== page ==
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Canadian entrepreneur helps refugees stitch up new future at Swiss sewing workshop

Social Fabric's Canadian founder Heather Kirk (left), is joined by team members (2nd left to right): Lisa, Congolese refugee Bijoux, Helka and Ivorian refugee Cissé. © UNHCR/Mark Henley

Social Fabric’s Canadian founder Heather Kirk (left), is joined by team members (2nd left to right): Lisa, Congolese refugee Bijoux, Helka and Ivorian refugee Cissé. © UNHCR/Mark Henley

By Robert Gloy in Zurich, Switzerland

Among the colourful fabrics and sewing machines in a Zurich clothing workshop, Jamila leans across her workbench and carefully smooths the fabric of a black-and-yellow dress she is making, adjusting the hem and inserting pins here and there.

In a few days’ time she will put the finishing touches to the dress and take it home.

Two months ago, the 57-year-old Afghan refugee began attending sewing classes organized by Social Fabric, a Swiss organization based in Zürich. “I wanted to learn new skills and meet new people”, says Jamila, who fled her home in Afghanistan seven years ago.

Social Fabric was founded in 2015 by Heather Kirk, a Canadian molecular biologist who wanted to combine her knowledge of plant biology with sustainable development and social work.

Social Fabric is both a commercial company and a community-based organization. It pays members and volunteers to create and sell products, while reinvesting the income to cover overheads and fund programmes to help asylum-seekers and refugees integrate.

“In my country, we do these steps in the head.”

Every Thursday, up to 20 people from various countries, mostly but not all refugees and asylum seekers, attend Social Fabric’s sewing workshop. “Learning how to sew happens mainly through observation and imitation,” says Heather. “This allows refugees, who do not yet speak German very well, to participate actively in the workshops and to learn new skills”.

In 2016, Social Fabric launched a crowdfunding campaign to pay the salary of 26-year-old Cissé, a refugee from Côte d’Ivoire, who teaches tailoring.

He worked as a tailor for 11 years at home, but in Switzerland, he has had to adapt to new ways of working.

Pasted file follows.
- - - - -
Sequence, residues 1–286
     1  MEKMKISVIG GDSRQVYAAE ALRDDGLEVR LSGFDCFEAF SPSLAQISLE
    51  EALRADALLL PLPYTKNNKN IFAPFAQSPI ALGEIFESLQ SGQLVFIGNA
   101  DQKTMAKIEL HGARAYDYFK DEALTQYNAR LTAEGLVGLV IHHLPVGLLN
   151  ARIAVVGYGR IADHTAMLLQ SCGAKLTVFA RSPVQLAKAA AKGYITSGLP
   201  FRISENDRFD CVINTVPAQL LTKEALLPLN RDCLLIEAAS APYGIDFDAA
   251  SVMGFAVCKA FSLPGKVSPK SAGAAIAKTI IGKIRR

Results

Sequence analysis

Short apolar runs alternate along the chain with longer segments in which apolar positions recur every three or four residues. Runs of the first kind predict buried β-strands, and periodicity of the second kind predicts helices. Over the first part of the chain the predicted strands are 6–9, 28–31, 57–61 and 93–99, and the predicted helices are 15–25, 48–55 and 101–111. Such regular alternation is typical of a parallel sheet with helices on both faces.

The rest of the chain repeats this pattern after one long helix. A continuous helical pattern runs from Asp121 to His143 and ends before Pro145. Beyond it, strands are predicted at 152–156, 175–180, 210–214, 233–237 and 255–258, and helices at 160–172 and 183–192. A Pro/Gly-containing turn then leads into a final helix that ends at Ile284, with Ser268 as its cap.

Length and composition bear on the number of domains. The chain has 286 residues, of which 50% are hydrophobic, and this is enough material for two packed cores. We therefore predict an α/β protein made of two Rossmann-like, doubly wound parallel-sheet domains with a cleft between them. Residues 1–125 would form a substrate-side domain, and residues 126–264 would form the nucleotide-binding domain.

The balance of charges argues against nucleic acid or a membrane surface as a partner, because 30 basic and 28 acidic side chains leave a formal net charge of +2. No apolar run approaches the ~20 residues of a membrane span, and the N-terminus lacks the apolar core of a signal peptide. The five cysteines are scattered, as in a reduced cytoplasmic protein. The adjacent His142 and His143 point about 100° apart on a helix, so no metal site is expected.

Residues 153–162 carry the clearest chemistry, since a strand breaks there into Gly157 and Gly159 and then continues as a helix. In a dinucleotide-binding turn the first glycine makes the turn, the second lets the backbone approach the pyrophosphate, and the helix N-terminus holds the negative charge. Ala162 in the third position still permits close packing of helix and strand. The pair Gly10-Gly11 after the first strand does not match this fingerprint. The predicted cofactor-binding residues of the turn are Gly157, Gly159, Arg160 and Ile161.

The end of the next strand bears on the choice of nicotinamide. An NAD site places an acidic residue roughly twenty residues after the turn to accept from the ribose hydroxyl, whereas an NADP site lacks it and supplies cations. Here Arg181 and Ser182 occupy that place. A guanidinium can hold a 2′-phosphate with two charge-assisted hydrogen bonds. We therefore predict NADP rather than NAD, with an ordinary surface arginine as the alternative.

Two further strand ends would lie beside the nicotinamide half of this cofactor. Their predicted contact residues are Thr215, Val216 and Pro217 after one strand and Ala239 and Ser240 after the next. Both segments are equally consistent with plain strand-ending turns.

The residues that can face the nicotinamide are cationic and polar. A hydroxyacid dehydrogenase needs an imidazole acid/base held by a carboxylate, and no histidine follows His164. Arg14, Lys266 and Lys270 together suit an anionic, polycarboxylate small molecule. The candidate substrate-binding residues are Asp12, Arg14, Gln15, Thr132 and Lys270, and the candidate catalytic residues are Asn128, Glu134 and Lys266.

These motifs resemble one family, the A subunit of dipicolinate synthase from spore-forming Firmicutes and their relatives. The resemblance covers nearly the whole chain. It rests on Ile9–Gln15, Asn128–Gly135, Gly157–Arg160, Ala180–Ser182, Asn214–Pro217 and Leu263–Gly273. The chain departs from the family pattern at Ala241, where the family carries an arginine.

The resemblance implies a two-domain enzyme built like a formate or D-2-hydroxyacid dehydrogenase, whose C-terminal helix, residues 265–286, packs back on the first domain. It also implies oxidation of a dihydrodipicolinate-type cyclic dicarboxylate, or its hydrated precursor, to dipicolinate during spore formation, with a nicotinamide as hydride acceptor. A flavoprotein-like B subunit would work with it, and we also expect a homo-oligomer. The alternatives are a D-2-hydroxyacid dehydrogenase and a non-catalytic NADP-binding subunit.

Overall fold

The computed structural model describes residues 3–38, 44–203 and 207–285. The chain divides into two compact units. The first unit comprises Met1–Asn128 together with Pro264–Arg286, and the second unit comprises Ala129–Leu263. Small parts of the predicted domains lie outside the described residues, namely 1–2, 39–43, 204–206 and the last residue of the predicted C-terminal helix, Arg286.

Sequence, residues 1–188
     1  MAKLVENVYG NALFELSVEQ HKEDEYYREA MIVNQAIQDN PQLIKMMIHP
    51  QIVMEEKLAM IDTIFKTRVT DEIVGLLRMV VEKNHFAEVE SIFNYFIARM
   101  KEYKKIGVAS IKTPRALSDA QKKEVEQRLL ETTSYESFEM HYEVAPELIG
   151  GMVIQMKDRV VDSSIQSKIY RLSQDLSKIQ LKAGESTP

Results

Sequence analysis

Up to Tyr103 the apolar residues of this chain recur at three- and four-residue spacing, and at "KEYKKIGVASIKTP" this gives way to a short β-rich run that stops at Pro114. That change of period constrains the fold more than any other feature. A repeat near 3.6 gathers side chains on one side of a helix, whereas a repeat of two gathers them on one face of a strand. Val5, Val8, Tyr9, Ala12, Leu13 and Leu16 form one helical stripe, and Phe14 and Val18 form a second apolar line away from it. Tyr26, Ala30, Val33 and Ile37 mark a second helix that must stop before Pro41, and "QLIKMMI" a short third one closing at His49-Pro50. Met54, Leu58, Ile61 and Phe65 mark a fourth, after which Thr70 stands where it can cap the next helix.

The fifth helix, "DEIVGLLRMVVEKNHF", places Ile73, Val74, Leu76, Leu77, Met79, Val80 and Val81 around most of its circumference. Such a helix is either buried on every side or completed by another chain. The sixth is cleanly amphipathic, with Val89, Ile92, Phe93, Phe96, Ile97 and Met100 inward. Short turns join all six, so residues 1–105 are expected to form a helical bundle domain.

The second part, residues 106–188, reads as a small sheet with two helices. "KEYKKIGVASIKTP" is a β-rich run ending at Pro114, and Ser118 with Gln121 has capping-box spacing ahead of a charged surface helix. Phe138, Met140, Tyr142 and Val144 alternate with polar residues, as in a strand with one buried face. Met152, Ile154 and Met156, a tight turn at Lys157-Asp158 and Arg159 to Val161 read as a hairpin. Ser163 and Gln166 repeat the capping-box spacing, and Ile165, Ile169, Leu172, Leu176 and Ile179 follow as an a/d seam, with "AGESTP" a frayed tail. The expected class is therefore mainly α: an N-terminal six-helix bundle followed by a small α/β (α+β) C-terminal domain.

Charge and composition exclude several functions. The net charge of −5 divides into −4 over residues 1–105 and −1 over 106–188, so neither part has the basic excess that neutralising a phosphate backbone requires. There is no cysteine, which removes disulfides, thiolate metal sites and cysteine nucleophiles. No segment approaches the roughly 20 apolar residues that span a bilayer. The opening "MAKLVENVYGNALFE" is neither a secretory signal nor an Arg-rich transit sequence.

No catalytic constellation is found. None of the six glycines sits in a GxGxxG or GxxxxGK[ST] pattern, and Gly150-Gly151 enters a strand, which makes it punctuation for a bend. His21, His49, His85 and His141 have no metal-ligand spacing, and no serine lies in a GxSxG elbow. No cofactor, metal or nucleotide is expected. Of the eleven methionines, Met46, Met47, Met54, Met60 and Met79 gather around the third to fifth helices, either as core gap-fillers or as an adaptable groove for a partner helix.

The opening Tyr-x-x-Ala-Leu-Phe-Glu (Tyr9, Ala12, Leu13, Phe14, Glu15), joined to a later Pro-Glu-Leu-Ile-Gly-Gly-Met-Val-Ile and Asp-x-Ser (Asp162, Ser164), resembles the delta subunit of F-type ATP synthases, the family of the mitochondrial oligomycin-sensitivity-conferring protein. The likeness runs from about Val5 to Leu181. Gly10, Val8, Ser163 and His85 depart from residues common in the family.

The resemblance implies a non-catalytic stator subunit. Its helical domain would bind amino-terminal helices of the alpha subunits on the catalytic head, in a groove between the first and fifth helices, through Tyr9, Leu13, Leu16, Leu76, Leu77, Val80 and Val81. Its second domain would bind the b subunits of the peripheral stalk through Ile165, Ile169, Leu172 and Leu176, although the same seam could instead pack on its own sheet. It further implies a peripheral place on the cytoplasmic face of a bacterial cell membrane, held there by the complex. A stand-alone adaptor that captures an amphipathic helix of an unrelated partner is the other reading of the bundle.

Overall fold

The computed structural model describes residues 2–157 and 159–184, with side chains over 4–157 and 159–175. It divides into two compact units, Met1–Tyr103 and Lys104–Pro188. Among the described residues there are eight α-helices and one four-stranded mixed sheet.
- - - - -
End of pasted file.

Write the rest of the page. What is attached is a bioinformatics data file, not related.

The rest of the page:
“Here, we use a lot of patterns and forms, and we spend a lot of time preparing our work by using pins,” he says. “In my country, we do these steps in the head. It is simpler and quick that way!”

Bijoux, 34, a refugee from the Democratic Republic of the Congo, worked as a seamstress in her home country and in South Africa. Bijoux moved to Switzerland in 2011 and quickly adapted to Swiss life. Thanks to Social Fabric, she also became part of a network of friends. “It was really difficult to be at home all day, with nothing to do”, she says.

“We want to exploit the creative potential of everyone.”

“For refugees who are getting their asylum request processed – a procedure that can sometimes last for years – it is very difficult to find work,” says Heather, adding that it is important to create spaces where they can undertake creative activities and meet people, be it other refugees or Swiss residents.

The business is doing well. In 2018, Social Fabric will launch a line of bags and scarves inspired by African prints. It has also created an online platform, Goodtee, so that young couturiers can benefit from the designs and prints designed by Cissé, Bijoux and Eritrean colleague Zaid.

Heather says the goal of Social Fabric is not just to help refugees. “We want to foster collaboration between refugees, locals, and internationals to exploit the creative potential of everyone.”

This story was originally published on unhcr.org